Energy Manager

Control & Automation
GE Technology aims to empower the connected home of the future

GE unveiled its smart home technologies at its first appearance at the 2011 International Consumer Electronics Show (CES). These ecomagination and healthymagination technologies—including Nucleus energy manager with Brillion technology, the GE WattStation electric vehicle (EV) charging station, an advanced small wind turbine, and more—promise to help consumers reduce health- and energy-related costs and redefine the benchmark for household performance.


January 11, 2011
By Staff

“GE’s innovative technology addresses the needs of our rapidly changing lives and does so at a lower cost for consumers,” said David McCalpin, general manager, Home Energy Management, GE Appliances & Lighting, adding that digital-energy technology is enabling an energy transformation that will make peoples’ lives easier.

GE smart meters enable two-way communication between the electric utility and the customer via smart devices in the home, empowering consumers to manage their energy use and utilities to manage demand.

At the core of the smart, connected home, says GE, is the Nucleus energy manager with Brillion technology—a communication and data storage device that talks to the utility smart meter to provide consumers with secure information about their household electricity use and costs so they can make more informed choices. Additionally, consumers who have the GE programmable thermostat with Brillion technology and GE Profile appliances enabled with Brillion technology in their homes will also have access to estimated consumption data on their home heating and cooling and major appliances.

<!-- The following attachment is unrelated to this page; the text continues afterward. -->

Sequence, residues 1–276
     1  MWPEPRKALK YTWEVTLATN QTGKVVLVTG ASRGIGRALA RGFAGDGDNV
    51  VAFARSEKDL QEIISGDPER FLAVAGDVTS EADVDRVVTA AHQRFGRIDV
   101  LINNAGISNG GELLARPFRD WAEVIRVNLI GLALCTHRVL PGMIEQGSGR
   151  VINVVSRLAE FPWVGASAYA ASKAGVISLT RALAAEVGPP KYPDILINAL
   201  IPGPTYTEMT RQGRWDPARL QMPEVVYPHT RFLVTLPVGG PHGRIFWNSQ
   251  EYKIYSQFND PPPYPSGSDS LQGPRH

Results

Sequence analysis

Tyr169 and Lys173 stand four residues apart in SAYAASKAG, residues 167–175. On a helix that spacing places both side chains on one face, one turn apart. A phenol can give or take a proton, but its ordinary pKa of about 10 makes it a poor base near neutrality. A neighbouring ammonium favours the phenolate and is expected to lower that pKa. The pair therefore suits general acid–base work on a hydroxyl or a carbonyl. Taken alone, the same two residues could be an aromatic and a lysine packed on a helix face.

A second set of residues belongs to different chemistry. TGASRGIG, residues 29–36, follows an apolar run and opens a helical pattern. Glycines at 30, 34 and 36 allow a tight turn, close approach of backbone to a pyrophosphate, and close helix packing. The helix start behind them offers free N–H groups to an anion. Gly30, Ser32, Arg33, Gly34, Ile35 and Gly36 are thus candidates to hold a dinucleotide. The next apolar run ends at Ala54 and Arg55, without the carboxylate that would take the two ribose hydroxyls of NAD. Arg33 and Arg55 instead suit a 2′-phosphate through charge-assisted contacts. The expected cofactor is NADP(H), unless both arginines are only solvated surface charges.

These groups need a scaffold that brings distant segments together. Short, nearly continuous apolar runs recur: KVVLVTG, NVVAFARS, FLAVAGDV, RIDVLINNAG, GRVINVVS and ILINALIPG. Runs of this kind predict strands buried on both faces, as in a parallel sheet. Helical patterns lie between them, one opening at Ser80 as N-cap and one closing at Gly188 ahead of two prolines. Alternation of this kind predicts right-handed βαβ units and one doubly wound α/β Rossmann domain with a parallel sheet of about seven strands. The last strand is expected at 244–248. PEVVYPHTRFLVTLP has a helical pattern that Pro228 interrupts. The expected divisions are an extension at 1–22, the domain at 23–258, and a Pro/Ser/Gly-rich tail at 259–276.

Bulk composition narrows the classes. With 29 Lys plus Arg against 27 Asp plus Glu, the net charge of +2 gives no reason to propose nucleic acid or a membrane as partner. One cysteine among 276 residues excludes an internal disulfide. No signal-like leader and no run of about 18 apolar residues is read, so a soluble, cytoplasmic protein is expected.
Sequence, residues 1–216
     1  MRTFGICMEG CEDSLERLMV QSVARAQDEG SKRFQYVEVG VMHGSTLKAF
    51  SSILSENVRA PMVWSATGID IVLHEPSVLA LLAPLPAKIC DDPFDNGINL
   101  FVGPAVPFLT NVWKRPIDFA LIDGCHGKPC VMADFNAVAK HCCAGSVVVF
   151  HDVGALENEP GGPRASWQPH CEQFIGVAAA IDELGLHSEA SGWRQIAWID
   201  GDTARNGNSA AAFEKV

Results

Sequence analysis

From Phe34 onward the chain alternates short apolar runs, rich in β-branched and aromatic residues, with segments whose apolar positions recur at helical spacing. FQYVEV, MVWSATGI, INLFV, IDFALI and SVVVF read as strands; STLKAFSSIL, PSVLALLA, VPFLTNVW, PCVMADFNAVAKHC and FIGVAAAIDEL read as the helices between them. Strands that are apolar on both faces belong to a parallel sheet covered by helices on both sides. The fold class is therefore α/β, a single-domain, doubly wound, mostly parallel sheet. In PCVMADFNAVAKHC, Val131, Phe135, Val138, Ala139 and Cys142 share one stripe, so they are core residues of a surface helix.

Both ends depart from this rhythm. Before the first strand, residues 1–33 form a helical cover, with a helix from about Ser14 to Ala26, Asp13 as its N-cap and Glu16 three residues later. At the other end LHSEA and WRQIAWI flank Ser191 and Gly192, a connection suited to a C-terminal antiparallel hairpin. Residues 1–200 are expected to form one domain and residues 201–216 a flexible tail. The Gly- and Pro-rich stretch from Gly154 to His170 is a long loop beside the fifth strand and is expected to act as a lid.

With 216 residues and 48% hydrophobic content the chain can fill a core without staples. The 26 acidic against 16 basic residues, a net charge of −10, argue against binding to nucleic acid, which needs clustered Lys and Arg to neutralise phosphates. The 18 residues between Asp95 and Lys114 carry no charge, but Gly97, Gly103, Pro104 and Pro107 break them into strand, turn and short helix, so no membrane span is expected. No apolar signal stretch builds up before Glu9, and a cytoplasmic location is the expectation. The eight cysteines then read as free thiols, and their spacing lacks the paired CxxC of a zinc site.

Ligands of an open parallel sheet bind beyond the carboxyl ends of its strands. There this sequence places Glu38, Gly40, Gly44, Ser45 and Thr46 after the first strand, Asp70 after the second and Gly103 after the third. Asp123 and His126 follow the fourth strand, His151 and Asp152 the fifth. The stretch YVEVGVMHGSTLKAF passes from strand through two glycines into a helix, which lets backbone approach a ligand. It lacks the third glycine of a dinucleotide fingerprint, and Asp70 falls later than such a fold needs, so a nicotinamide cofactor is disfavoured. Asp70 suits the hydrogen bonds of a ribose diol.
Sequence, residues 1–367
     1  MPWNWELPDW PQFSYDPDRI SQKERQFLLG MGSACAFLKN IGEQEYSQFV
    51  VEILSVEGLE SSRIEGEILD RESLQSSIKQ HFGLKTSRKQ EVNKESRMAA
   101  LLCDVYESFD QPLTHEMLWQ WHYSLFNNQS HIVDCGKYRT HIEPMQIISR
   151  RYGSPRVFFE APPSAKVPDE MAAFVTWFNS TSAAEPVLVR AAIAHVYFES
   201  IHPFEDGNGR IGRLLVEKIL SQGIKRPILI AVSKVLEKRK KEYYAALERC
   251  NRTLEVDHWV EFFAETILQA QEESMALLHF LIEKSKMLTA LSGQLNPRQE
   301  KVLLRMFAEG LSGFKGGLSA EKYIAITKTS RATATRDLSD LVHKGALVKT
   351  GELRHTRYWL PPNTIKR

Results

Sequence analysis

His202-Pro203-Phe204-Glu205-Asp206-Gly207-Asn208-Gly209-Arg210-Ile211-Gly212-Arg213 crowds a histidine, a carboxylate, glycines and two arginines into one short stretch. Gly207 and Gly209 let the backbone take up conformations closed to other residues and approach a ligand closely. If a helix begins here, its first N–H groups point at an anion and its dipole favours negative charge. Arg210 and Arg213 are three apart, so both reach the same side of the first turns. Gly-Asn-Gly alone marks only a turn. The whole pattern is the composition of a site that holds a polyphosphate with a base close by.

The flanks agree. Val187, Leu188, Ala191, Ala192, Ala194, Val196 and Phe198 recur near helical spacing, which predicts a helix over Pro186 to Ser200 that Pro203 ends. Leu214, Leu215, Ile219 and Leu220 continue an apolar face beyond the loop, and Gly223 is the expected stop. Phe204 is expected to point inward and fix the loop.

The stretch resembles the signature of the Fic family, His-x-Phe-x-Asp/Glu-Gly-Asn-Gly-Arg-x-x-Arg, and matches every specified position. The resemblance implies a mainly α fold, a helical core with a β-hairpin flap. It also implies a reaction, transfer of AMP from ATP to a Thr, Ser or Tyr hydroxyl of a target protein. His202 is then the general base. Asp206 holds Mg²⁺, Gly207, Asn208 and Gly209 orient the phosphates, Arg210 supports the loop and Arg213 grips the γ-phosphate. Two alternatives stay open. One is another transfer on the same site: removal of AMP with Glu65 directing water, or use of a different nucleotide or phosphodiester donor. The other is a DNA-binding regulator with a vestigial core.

Future planned software upgrades will enable Nucleus to monitor water, natural gas and renewable energy sources, as well as plug-in electric vehicle charging.

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Meantime, GE WattStation is an EV charger that reduces charging time from 12 to 18 hours to four to eight hours. Using smart grid technology, the WattStation also allows utility companies to manage the impact of EVs on the local and regional grids.

Debuting at CES, Southwest Windpower’s Skystream 600 is the most efficient power grid-connected small wind turbine in its class, boasts GE, producing 74% more energy for commercial and residential use than its predecessor. Depending on the wind resource, siting and energy efficiency, a Skystream 600 could provide up to 80% of an average home’s energy requirements, GE claims.

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